. The Governor's proposal represents an early step in the development of the Commonwealth's FY23 budget. The respective Ways and Means Committees for the state House and Senate will each produce their own proposals, which in turn will be adopted by their respective chambers. Differences between the House and Senate budgets will then be reconciled in a conference committee, before being returned to each chamber for an up-or-down vote. The Governor then has the option to sign or veto specific line items, which the Legislature in turn may override.
Framingham/Worcester Commuter Rail Line to Return to Normal Seasonal Weekday Schedule Effective January 31st
Effective Monday, January 31st, the MBTA Framingham/Worcester Commuter Rail line will resume operating on the regular weekday Winter Schedule. Service had been reduced to a "Winter Adjusted Schedule" due to staffing constraints; workforce availability has improved sufficiently to resume normal service. No changes will be made to current weekend service. Click here for details regarding the Framingham/Worcester line schedule
Full Application Now Open: Community One Stop for Growth Program
The Full Application for the Community One Stop for Growth
program's FY23 round is now open. Communities and entities seeking funding from a variety of grant programs can now begin work on applications. The Community One Stop for Growth is a single application portal and collaborative review process of community development grant programs that make targeted investments based on a Development Continuum. This process streamlines the experience for the applicant and better coordinates economic development programs and staff on engagement and grant making.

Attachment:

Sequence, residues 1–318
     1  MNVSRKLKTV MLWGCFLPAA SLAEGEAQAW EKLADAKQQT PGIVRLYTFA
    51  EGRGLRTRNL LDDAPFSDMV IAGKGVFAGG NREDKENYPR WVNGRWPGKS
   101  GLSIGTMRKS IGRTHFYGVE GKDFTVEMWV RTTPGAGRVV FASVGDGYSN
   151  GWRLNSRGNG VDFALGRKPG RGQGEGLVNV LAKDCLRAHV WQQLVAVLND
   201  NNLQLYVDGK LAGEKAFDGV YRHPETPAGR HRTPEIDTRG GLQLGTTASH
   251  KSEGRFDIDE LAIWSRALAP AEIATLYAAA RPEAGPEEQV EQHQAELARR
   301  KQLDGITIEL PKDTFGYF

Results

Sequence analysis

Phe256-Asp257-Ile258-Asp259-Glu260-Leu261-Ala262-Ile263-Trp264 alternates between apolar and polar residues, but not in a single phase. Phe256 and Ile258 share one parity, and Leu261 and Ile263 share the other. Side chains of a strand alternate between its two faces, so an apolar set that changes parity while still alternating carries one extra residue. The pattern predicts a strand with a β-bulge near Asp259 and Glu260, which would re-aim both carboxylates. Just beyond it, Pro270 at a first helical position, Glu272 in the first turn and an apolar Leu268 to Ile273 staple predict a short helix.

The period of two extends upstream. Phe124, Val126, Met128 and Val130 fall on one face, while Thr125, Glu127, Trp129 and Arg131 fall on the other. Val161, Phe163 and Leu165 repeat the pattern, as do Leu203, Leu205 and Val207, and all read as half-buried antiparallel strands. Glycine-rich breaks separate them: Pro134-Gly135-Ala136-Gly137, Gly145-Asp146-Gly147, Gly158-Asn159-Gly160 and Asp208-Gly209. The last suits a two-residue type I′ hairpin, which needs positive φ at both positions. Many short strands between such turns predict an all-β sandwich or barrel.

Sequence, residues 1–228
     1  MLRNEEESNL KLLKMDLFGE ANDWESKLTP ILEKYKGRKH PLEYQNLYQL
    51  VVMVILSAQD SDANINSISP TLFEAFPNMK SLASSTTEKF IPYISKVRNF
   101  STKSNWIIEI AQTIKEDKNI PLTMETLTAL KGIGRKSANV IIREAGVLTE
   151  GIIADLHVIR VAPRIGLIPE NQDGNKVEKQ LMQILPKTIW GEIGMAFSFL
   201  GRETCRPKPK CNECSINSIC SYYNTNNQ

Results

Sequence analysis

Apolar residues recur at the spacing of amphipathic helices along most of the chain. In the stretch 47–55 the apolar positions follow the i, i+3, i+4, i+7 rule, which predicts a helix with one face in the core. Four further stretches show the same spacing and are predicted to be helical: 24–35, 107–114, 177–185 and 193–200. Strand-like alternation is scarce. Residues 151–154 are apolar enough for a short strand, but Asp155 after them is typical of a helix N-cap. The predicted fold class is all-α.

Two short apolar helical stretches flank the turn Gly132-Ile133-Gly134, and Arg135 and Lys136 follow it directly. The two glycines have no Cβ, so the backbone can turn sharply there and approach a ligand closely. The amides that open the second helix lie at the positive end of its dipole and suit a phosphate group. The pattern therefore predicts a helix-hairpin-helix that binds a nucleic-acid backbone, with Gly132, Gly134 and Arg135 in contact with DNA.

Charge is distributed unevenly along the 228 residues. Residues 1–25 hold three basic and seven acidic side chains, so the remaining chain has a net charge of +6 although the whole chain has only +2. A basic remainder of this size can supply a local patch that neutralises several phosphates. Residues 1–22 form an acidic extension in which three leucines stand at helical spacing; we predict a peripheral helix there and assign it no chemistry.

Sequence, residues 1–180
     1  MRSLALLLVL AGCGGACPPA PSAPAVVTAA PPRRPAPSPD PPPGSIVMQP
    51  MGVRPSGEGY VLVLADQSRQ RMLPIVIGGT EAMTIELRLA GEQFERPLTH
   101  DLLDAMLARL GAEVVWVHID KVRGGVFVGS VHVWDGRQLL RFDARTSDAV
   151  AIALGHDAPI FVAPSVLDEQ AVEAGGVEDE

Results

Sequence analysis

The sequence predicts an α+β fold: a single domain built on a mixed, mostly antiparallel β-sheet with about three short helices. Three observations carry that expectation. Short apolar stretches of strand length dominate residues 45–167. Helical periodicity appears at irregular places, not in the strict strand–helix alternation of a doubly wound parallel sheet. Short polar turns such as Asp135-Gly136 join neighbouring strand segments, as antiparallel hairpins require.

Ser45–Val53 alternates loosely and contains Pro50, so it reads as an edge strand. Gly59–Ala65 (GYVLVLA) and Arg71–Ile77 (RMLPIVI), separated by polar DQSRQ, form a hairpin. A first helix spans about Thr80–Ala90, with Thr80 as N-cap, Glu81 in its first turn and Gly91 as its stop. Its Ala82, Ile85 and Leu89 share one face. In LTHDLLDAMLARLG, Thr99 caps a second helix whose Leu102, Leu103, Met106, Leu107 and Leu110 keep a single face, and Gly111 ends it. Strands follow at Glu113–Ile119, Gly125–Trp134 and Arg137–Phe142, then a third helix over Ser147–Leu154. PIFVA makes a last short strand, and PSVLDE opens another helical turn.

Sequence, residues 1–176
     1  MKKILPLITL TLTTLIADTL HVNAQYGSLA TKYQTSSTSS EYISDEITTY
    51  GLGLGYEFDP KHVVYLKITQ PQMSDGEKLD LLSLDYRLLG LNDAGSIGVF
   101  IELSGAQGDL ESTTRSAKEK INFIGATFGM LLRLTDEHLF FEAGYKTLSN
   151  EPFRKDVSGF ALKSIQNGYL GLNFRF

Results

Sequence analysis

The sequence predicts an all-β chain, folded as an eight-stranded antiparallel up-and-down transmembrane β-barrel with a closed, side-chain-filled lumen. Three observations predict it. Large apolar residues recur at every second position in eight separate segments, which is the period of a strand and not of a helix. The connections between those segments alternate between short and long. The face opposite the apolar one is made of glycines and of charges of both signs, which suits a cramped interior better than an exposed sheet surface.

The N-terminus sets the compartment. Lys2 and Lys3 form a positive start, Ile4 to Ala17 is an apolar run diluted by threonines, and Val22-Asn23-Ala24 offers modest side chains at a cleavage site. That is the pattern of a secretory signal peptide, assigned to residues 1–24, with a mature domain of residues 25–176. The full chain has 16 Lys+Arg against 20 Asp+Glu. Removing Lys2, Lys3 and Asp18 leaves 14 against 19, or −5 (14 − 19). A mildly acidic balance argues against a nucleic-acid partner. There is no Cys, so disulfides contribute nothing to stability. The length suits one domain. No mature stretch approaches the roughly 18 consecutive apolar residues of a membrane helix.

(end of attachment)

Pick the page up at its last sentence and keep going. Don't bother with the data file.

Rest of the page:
Key FY23 Program Dates
- Full Application Open: January 21st, 2022
- Webinars: Tuesday, February 1st - February 8th (details below)
- Full Application Submissions Open: May 2nd, 2022
- Full Applications Close: June 3rd, 2022
- Review & Evaluation: June-September, 2022
- Notification of Award: October/November 2022
- Anticipated Contracting: November/December 2022